["sorry to say" because my adventurers probably won't be getting to Mexico OR the D.R....that's just outside the scope of what I want for my campaign setting. Plus, Mexico is just enormous...throwing it into the campaign setting is like throwing China into your pseudo-European game. I'll keep the Incans as the main empire front-and-present, thanks]

Considering a single ton of gold production per year from Europe (a bit generous at this point in history) and ignoring the rest of the world (because we're only concerned with conquistadors and the indigenous population) I end up with an average of 12 tons of gold, or 384,000 ounces, of which 144,000 are coming out of the Americas. Or rather will be coming out of the Americas...it took a while for the Europeans to start mining the hell out of their colonies. However, the gold IS there...the indigenous people of the Americas were making good use of it even before the Europeans...so I'm inclined to use the same figures.

As I said, my methodology is going to end up different from that of Alexis. I don't have books from which to draw references, so I'm making my own artificial ones. In this case, I've decided that each of my "gold references" will be 1600 ounces...a nice round number that works out to 100 pounds of gold per reference...of which there should be 90 in Latin America. To figure out the exact number of references per region, I used the current world production figures to establish percentages by country, figuring gold production has probably remained proportional over time. Probably...but even if not, it's good enough for my purpose.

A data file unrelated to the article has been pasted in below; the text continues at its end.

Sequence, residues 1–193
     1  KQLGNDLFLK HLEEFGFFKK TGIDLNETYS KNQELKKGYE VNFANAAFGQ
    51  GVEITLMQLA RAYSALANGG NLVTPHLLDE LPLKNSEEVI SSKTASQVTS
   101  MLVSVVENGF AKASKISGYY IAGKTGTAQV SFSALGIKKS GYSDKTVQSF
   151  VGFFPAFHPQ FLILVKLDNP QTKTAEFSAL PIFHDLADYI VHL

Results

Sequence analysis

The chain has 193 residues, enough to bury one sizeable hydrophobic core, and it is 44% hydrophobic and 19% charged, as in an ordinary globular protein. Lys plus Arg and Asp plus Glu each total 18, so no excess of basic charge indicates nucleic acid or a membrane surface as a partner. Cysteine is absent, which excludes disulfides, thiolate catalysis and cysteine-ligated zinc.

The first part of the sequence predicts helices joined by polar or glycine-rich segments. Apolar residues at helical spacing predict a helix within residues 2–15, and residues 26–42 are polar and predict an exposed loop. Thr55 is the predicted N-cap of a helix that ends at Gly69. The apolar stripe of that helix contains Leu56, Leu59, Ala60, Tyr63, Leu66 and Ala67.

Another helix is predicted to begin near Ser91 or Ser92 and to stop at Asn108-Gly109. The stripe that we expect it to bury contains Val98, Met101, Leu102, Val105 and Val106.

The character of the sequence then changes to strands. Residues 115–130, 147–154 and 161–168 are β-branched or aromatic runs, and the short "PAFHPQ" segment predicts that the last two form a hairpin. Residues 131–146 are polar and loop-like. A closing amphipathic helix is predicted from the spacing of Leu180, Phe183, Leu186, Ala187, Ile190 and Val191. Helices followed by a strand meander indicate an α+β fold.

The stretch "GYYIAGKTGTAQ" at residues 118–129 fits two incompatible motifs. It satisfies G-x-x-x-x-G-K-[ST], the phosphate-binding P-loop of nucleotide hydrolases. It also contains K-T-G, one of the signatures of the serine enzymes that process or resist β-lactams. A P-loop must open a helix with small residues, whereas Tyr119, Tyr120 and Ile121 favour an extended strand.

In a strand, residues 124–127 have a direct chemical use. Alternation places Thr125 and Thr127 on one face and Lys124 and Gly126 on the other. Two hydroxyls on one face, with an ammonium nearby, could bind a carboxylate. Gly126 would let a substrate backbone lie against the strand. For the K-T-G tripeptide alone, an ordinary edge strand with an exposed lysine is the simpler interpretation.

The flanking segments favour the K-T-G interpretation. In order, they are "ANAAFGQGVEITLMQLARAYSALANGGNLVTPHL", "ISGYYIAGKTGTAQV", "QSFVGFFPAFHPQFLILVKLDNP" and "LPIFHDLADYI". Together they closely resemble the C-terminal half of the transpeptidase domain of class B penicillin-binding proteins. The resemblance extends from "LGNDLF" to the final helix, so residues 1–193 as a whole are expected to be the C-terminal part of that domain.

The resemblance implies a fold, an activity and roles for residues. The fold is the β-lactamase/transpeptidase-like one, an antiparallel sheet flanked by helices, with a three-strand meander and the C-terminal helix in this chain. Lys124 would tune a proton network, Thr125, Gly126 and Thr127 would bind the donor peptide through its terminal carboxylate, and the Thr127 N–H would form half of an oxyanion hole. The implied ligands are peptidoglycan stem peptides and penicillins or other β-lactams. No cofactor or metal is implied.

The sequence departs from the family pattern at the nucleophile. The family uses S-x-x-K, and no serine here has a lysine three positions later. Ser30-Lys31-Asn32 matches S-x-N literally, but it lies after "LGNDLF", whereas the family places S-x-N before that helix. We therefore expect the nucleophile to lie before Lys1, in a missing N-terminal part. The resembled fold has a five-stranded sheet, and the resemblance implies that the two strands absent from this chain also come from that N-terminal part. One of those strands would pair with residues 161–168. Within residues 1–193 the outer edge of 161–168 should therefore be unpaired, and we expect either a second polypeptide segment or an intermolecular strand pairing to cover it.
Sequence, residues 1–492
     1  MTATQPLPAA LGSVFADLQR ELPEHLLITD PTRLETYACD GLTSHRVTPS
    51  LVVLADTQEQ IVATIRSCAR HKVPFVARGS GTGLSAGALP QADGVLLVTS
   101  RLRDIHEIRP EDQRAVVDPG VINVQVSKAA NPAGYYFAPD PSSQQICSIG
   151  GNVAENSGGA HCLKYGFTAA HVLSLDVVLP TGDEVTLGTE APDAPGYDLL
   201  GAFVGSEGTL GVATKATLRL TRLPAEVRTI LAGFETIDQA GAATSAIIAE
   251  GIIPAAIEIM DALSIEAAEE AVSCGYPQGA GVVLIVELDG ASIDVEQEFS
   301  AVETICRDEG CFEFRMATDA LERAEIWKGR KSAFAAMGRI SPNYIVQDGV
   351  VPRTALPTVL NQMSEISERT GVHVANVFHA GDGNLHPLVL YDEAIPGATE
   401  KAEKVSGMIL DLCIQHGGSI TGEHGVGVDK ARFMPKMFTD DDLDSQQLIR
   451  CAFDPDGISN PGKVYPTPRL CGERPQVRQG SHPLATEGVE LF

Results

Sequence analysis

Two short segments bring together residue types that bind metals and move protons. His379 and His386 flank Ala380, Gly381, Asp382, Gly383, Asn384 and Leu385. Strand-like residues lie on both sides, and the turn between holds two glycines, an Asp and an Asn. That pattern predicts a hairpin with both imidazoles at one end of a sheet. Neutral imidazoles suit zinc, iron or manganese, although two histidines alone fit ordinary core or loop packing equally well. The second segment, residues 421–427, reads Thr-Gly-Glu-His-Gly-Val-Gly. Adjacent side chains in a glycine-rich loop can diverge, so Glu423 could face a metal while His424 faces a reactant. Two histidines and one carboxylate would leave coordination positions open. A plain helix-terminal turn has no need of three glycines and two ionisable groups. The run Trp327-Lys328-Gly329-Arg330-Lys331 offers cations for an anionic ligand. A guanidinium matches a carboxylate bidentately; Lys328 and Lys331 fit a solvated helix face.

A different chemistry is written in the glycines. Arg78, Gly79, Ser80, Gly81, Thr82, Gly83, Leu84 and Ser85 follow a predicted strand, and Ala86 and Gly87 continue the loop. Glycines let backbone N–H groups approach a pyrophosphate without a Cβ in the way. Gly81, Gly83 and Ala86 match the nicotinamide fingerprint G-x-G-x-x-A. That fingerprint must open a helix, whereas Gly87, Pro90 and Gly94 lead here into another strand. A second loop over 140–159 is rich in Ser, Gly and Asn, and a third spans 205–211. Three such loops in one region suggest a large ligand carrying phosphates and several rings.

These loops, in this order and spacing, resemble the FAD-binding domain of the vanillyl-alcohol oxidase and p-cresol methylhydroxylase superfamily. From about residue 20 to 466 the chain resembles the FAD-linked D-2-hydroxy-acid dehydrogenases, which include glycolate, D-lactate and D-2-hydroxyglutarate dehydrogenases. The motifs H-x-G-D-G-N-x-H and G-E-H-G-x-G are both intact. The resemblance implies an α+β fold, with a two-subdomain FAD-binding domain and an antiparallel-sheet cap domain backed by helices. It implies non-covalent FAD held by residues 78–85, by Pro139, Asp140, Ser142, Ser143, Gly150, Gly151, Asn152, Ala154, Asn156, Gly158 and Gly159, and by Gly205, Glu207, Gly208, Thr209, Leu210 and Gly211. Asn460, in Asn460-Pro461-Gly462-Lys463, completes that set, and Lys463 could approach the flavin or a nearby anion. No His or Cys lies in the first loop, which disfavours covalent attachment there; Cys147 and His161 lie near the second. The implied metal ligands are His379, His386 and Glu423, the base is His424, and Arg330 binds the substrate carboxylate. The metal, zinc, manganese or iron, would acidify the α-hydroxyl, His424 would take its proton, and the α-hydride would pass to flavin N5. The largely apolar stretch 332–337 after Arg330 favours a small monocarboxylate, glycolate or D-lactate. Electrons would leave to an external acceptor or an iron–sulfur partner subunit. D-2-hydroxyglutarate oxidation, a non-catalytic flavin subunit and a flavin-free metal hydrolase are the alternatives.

90 references, of which 17 belong to Mexico and 5 to the Dominican Republic. That leaves 68 references in South America proper, about a third of which (23) are found in the mountains of Peru. The Incans were an extremely wealthy civilization in terms of mineral wealth. Even though the present day political boundaries haven't been drawn upon the maps of 15th century America, I can still use those regions to place my gold references, based on the communities I can find.